This grand mansion, which once stood on the south side of Soho Square (then called King’s Square), was built for James Scott, the Duke of Monmouth (and ill-fated illegitimate son of King Charles II) in the early 1680s during the early development of the square.

The duke only lived in the property briefly before he headed off to the Netherlands (and was later, in 1685, was executed on Tower Hill for his failed rebellion against the king).

The three storey brick house stood around three sides of a courtyard (some suggest it was designed by Sir Christopher Wren).

The house, which was left unfinished, stood empty for some time after the duke’s death before, in 1689, part of it was briefly turned into a chapel for Huguenot refugees, known as the L’Église du Quarré (they located in 1694).

The house was sold by the Duchess of Monmouth to Sir James Bateman, Lord Mayor of London and a Sub-Governor of the South Sea Company, in 1716, and subsequently remodelled, apparently to the designs of architect Thomas Archer.

Bateman died in 1718 and his eldest son, William (later 1st Viscount Bateman), lived here until 1739. The property was late let to a succession of dignitaries – including the French and Russian ambassadors – and briefly was under consideration for use as a boy’s school.

It was eventually demolished in 1773 and Bateman’s Buildings now occupy the site. A plaque identifies the site as the former location of the mansion.

PICTURE: An 18th century engraving of Monmouth House.

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Soho-Square

Originally named King’s Square in honour of King Charles II, Soho Square was laid out on what had been known as Soho Fields as a residential square with a garden at its centre in the late 1670s – part of the general demand for homes that came about after the Great Fire of London in 1666.

A fashionable place to live when built, among the early mansions was Monmouth House, a grand mansion originally built for James Scott, the Duke of Monmouth (and illegitimate son of King Charles II who lost his head after leading a rebellion against King James II) and later used by the French ambassador before it was demolished in the 1770s. Two of the square’s original homes are located at numbers 10 and 15.

A number of trees and shrubs were recorded as being planted here including cherry, peach and almond trees as well as lilacs, jessamine and honeysuckle – it’s suggested these may have been chosen by botanist Sir Joseph Banks who lived at number 32 from 1777 until his death in 1820.

King-Charles-IIThe square, which was opened to the public in 1954, is today at the heart of the West-End district of Soho, once synonymous with late night entertainment including the sex industry but also home to a growing number of film and media-related organisations (for a look at the derivation of the name Soho, see our earlier post).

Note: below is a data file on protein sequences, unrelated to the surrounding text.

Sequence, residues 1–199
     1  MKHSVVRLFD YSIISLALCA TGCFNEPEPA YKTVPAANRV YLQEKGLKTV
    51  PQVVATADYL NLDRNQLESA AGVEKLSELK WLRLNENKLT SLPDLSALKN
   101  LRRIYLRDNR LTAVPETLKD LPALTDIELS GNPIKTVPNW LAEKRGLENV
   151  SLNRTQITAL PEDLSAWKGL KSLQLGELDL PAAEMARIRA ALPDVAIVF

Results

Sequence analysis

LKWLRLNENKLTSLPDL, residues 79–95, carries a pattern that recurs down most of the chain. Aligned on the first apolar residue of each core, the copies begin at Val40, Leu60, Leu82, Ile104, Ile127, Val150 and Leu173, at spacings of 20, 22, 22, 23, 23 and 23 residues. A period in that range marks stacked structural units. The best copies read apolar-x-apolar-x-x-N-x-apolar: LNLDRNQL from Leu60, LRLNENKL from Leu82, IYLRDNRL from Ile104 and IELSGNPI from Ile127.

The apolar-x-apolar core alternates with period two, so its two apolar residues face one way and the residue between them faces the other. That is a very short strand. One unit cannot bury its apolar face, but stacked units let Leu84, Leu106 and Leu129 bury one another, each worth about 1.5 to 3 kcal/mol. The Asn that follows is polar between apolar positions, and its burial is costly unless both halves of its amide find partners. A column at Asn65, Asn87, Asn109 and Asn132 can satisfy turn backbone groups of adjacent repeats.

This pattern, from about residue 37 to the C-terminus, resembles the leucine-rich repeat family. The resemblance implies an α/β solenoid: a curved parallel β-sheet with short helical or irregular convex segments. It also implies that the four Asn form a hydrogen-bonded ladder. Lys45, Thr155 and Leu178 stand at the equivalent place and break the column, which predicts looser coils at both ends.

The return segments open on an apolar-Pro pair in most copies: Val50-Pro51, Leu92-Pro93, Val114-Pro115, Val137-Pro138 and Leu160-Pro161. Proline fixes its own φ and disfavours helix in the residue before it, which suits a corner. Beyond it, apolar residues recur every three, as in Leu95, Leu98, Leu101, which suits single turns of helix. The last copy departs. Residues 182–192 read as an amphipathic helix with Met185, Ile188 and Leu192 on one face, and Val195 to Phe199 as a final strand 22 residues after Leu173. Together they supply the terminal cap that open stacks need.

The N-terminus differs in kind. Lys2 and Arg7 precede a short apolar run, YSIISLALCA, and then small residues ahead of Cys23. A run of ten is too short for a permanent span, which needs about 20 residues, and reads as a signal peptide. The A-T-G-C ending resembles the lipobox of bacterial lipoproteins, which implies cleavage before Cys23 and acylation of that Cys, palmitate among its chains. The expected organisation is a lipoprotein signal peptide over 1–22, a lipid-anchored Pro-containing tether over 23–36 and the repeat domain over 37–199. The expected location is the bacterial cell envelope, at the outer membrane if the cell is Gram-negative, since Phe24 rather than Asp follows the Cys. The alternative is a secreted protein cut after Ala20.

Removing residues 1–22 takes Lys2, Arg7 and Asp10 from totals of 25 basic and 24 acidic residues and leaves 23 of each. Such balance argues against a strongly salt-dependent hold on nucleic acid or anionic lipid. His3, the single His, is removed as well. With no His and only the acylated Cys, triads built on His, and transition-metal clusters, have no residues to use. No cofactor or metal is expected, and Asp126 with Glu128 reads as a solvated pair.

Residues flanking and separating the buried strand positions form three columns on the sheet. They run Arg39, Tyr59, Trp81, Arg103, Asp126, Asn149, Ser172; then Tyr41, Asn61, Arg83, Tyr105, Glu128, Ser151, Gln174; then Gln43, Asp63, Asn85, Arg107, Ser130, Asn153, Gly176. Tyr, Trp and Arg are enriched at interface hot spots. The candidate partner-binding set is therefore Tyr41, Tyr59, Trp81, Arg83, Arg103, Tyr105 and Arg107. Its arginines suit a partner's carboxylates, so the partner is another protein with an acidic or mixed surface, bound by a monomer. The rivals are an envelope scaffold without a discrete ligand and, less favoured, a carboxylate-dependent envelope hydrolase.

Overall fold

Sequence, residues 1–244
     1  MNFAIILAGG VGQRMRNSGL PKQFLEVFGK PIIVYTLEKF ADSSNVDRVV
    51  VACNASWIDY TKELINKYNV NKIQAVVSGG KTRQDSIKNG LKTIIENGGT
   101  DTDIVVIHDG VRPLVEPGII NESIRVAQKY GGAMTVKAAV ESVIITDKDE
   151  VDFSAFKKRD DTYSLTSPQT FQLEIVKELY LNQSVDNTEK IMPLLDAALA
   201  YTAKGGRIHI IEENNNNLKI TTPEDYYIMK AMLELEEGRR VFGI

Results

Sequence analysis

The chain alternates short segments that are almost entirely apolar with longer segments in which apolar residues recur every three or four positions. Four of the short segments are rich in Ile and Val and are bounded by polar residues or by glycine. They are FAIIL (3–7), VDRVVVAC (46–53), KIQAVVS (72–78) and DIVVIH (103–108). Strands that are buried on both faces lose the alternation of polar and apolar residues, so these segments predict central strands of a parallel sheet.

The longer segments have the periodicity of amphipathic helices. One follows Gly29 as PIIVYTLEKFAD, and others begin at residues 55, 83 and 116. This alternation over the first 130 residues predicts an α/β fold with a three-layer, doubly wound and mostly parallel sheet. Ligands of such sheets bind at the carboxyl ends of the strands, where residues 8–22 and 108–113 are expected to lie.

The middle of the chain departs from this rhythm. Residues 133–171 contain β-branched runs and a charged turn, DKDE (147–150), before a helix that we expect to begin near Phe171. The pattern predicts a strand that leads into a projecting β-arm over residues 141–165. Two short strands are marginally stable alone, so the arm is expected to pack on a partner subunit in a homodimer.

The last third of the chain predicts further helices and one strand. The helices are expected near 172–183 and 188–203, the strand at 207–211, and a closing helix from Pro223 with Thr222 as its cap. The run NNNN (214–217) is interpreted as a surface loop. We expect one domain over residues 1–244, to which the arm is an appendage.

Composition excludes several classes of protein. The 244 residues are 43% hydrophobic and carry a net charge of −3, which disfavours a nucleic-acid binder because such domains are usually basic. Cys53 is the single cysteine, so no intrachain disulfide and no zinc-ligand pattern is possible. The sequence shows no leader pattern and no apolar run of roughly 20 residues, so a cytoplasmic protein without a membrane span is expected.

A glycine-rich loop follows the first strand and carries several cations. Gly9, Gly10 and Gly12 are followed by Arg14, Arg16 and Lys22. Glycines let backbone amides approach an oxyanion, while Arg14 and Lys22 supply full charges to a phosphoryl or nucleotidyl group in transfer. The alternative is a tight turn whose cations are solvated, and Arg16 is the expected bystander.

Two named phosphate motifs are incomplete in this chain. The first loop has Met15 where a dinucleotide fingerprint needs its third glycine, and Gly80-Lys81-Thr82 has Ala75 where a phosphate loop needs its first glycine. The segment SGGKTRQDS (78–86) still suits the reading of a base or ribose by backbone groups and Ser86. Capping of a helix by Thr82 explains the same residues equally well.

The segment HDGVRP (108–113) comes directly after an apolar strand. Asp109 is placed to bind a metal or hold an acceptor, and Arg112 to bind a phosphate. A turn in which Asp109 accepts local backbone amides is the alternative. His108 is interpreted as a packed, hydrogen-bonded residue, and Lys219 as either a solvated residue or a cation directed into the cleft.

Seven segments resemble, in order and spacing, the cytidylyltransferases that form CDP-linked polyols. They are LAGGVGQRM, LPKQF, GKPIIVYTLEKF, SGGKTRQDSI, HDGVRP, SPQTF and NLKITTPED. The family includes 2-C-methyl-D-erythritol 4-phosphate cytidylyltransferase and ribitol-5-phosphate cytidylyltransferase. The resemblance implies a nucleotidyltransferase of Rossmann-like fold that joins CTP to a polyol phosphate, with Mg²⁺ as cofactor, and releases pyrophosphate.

Indeed, a number of media companies are based in the square itself – British Movietone, which was produced the Movietone news, was located here at number 22 for years while current inhabitants include Twentieth Century Fox (located in a building at number 31-32 where the botanically minded Linnean Society once met).

Other buildings of note in the square include the French Protestant Church, built in 1891-93 and located at numbers eight and nine and St Patrick’s Church, located at on the corner of Soho Square and Sutton Row. While a chapel was first consecrated here in 1792, the current building dates from the 1890s (reopened in 2011 after a £3.5 million restoration) and has catacombs which spread a considerable distance under the square. In a nod to less savoury aspects of the square’s past, the White House Brothel was also located here – at number 21 – in the late 18th century (the building is now known as Manor House).

The oldest statue in the square is that of Caius Gabriel Cibber’s King Charles II which dates from 1681 (pictured right) – a reminder of the square’s past name.  Originally part of a larger monument containing a fountain, it was removed in 1875 to make way for the distinctive half-timbered Tudor-style hut (pictured above) used by gardeners which, having been rebuilt in the 1930s, currently sits at the square’s centre and only returned to the gardens in 1938. There’s also a bench in the square which commemorates the late singer Kirsty MacColl, writer of the song Soho Square.

For more on London’s squares, see Gary Powell’s Square London.